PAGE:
animal rights

(redirected from Animal-rights)
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animal rights

pl.n.
The right to humane treatment claimed on behalf of animals, especially the right to be treated as persons or more like persons under the law.

animal rights

pl n
(Government, Politics & Diplomacy)
a. the rights of animals to be protected from exploitation and abuse by humans
b. (as modifier): the animal-rights lobby.

an′imal rights′


n.pl.
the rights of animals, claimed on ethical grounds, to humane treatment and protection from exploitation and abuse.
[1975–80]
Translations

animal rights

1. npldiritti mpl degli animali
2. adj (organization, activist) → animalista
References in periodicals archive ?
We can chalk this up to a decades-long harassment campaign from radical animal-rights activists, who alleged elephant mistreatment, taking its toll.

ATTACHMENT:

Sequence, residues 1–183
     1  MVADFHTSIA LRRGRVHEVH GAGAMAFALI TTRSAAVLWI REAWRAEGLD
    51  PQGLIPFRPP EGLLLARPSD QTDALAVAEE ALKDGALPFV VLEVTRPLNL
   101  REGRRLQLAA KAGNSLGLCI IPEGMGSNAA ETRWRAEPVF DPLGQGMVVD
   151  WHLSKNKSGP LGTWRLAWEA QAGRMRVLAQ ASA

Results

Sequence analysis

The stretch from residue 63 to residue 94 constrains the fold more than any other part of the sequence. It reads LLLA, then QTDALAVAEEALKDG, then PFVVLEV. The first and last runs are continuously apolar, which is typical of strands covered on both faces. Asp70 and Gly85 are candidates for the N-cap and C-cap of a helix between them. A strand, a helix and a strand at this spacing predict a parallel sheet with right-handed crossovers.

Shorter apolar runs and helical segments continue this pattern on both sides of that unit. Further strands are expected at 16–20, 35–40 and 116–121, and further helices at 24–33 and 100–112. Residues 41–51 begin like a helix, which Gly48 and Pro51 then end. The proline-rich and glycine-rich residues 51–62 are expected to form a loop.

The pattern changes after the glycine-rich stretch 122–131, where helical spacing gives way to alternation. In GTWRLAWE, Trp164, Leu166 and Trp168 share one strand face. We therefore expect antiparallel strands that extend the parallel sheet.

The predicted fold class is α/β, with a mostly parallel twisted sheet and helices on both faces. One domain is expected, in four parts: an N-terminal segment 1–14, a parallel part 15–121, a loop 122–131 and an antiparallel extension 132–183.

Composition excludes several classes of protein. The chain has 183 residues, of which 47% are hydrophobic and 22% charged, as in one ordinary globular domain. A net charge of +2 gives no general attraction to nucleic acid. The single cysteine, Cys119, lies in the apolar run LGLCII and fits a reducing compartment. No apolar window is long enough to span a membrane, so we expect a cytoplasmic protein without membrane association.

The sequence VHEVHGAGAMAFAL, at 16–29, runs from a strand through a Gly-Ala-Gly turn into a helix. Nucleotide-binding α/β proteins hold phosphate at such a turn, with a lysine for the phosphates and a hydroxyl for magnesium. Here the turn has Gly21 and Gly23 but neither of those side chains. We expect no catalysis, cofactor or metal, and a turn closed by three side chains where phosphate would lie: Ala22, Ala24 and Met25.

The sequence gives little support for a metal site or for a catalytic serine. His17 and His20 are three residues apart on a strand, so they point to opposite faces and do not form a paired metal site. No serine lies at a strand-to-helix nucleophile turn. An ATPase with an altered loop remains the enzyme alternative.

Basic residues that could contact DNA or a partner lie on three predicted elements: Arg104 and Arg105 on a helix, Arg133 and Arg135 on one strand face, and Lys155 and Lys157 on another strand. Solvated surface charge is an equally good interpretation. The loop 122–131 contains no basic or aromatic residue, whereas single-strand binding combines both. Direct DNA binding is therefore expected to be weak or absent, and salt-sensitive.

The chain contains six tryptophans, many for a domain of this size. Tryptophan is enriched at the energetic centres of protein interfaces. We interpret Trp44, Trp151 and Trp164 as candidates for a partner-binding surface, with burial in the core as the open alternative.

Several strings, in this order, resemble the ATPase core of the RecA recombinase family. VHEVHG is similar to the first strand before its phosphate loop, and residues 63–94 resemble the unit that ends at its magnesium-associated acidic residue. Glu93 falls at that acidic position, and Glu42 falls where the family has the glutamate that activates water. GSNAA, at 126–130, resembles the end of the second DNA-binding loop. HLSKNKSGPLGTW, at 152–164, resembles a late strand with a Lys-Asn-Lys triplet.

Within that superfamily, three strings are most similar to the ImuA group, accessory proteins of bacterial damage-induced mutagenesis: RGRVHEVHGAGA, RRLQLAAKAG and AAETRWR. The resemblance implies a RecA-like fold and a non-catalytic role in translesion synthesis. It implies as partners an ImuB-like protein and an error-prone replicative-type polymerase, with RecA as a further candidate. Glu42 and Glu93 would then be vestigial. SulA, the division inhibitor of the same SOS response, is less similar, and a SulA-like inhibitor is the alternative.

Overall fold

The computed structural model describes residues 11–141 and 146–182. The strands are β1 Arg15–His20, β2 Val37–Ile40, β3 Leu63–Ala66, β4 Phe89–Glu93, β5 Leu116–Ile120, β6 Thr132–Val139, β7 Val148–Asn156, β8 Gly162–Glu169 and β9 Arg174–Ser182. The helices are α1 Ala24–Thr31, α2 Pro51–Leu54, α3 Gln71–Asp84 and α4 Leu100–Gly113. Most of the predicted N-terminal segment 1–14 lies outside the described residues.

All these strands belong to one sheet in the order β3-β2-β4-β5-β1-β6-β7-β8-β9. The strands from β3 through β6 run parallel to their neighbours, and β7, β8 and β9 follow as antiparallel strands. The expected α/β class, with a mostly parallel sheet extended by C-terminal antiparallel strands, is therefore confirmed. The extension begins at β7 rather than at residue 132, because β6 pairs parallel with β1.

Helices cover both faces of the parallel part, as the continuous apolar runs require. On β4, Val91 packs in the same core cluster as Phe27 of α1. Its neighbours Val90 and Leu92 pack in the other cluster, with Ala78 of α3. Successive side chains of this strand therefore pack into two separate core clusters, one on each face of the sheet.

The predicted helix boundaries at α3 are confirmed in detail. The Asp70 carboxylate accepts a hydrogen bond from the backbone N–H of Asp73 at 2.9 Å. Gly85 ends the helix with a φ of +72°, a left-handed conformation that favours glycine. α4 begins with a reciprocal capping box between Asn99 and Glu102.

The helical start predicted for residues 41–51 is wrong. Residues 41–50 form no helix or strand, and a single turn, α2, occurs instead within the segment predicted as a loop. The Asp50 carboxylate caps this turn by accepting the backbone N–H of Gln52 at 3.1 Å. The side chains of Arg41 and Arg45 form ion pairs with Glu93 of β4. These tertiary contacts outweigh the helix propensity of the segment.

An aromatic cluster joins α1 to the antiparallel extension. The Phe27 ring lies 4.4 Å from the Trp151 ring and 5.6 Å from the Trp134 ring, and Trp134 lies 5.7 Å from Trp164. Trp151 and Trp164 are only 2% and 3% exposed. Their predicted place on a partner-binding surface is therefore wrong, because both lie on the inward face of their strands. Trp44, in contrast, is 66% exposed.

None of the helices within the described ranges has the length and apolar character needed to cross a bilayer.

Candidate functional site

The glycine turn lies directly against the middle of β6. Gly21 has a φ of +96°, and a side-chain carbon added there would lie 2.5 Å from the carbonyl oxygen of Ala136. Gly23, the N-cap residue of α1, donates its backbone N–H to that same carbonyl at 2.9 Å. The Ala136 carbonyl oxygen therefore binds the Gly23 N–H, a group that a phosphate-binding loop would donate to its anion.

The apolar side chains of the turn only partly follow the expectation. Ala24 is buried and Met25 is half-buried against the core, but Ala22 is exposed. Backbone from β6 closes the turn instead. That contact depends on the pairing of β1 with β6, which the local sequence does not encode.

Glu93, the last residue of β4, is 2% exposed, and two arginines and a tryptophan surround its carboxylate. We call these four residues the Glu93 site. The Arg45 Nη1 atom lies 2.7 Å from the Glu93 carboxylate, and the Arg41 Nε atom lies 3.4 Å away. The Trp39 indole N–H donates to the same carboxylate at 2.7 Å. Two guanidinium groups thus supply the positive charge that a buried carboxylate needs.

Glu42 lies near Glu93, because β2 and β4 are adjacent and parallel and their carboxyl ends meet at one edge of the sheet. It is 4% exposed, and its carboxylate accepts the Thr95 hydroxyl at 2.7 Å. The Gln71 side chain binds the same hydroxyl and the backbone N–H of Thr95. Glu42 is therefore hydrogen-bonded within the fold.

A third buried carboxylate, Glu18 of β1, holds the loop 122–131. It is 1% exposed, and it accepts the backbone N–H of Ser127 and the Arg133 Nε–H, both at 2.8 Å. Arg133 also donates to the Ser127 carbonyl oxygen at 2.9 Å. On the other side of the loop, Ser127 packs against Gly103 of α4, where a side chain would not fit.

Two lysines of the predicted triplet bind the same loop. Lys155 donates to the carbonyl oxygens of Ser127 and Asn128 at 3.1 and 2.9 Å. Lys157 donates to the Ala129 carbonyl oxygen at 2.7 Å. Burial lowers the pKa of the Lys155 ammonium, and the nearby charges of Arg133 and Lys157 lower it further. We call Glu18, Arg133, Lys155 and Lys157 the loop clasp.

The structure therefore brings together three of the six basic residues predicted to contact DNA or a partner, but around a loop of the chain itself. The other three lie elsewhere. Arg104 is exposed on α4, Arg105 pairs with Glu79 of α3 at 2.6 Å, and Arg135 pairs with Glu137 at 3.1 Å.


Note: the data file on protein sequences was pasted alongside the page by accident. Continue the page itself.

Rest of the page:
In an another article on growing animal rights awareness in Pakistan Anees Jillani, a lawyer at the Pakistan Supreme Court, makes a candid assessment of the state of Animal-Rights movements in Pakistan in comparison to its neighbors.
International animal-rights organization People for the Ethical Treatment of Animals (PETA) staged the offbeat demonstration in a bid to raise Lebanon's awareness about the
Despite an outcry from animal-rights groups, Iceland is hunting whales for research.
It isn't surprising that the animal-rights movement has established a political action committee to help elect political candidates who support the animal-rights agenda.
If these animal-rights groups are permitted to get their way, researchers will move their laboratories out of this country, Fishbein contends.
No arrests were made, but suspicion fell on animal-rights activists.
The vast majority of animal research is devoted to finding cures for human diseases, But animal-rights supporters like McArdle believe such research is useless.
In 1990 animal-rights activists mailed this message to Walter Salinger, head of the psychology department at the University of North Carolina.
He opines, "The more extreme animal-rights activists are little more than the modern version of the old-time antivivisectionists"--as if this were a stinging indictment.